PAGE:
The Quartermaster’s Kitchen at the Royal Marines Museum, Southsea

The Quartermaster's Kitchen at Royal Marines Museum, Southsea
The Quartermaster's Kitchen at Royal Marines Museum, Southsea
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The Royal Marines Museum, that row of achingly handsome buildings overlooking the sea on Eastney Esplanade, is a treasure trove of information and exploration for those keen on finding out about what it takes to earn a coveted green beret.

The Royal Marines Museum, that row of achingly handsome buildings overlooking the sea on Eastney Esplanade, is a treasure trove of information and exploration for those keen on finding out about what it takes to earn a coveted green beret.

Visitors are catered for at The Quartermaster’s Kitchens, formerly the Officers’ Mess.

Although the museum and its buildings have retained an air of grace and stature, the restaurant space sadly underwent a period of removing every vestige of its past character many years ago.

The two rooms, with their artex ceilings, plastic tablecloths, plain chairs and fake flowers transport the visitor back to an era best forgotten.

It’s such a pity, the museum not keeping up with current museum and art gallery trends of offering visitors a more salubrious experience. I thought I had stumbled on a TV set depicting the 1950s.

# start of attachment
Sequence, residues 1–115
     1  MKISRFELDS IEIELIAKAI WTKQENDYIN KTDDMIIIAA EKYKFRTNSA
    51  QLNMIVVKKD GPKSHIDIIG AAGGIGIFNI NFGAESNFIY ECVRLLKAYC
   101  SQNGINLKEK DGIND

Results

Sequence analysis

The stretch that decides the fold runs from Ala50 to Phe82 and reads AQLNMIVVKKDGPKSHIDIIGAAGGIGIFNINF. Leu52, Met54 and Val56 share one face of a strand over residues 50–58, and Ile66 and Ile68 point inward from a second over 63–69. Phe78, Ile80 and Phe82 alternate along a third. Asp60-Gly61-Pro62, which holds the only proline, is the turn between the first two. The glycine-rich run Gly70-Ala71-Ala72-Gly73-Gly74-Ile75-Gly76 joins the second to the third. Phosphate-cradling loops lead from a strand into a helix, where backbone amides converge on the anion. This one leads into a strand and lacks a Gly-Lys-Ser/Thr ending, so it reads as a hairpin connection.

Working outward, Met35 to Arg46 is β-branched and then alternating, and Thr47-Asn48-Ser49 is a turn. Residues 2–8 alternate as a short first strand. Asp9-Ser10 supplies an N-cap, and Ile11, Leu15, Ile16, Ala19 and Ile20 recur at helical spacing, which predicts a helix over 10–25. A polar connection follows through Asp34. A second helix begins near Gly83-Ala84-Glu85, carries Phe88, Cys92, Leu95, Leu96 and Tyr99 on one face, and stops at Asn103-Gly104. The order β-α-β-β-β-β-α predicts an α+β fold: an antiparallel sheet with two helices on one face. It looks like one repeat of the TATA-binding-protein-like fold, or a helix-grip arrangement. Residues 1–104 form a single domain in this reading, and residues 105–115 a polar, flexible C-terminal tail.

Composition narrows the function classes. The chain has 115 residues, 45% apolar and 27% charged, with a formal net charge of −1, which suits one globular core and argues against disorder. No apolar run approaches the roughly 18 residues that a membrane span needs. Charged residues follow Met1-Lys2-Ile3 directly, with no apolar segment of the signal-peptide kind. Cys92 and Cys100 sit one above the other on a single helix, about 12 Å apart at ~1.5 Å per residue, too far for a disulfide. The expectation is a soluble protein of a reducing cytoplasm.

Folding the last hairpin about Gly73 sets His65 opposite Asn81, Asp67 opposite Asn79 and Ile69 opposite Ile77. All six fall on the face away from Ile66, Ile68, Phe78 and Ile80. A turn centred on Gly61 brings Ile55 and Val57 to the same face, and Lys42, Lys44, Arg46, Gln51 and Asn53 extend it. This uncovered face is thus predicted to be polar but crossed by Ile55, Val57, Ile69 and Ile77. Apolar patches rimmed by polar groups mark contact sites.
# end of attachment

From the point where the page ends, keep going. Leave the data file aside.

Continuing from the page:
The kitchen is proud of its breakfasts, served up to noon, but the smell of fat doesn’t add to the atmosphere.

A Quartermaster’s Special – three slices of bacon, two sausages, two fried eggs, three hash browns and other plate fillers (£6.15) join other brekkie variations.

The usual British suspects – baked beans, scrambled eggs, jacket potatoes, baguettes, toasted sandwiches – join Main Meals and Winter Warmers: chips; tagliatelle; sausage, egg and chips; omelettes; chilli con carne and other dishes, prices not rising above the Q Special.

I ordered a steak and kidney pudding at the lacklustre bar with its cheap push-button coffee machine and sat at one of the tables overlooking the beautiful buildings.

‘Everything is freshly cooked to order’ says a sign. Hmm.

The dangerously hot, virtually meat-free pudding, came with watery vegetables. The mash was the only saviour of this poor meal.

Daddy’s Sauce, the subject of an old metal ad on the wall, might have saved the day.

Few people were eating there when I visited, a stark contrast to last week’s great find, the Casa de Castro in Southsea. That place makes quality food in a tiny kitchen for an appreciative audience.

Not only is the décor in The Quartermaster’s Kitchens reminiscent of the ’50s, the food is too.

As it’s a family-run business, I regret having to write this negative review as it won’t cheer. But museum visitors deserve a class act and this isn’t it.

The ‘great food and drink in a lovely setting’ lives up to only the lovely setting.

But the staff are cheerful and pleasant, a definite plus for anybody heading this way.

My bill came to just under £7 for that meal and some bottled water.

The Quartermaster’s Kitchen, Royal Marines Museum, Eastney Parade, Southsea PO4 9PX (023) 9288 2411

Open: 10am–5pm every day

Food: * *

Service: * * *

Atmosphere: * *

Disabled access: Good

How to get there: Head for the seafront and the museum is on Eastney Parade. Car park (paying). Follow the path towards the museum and the restaurant is on the right.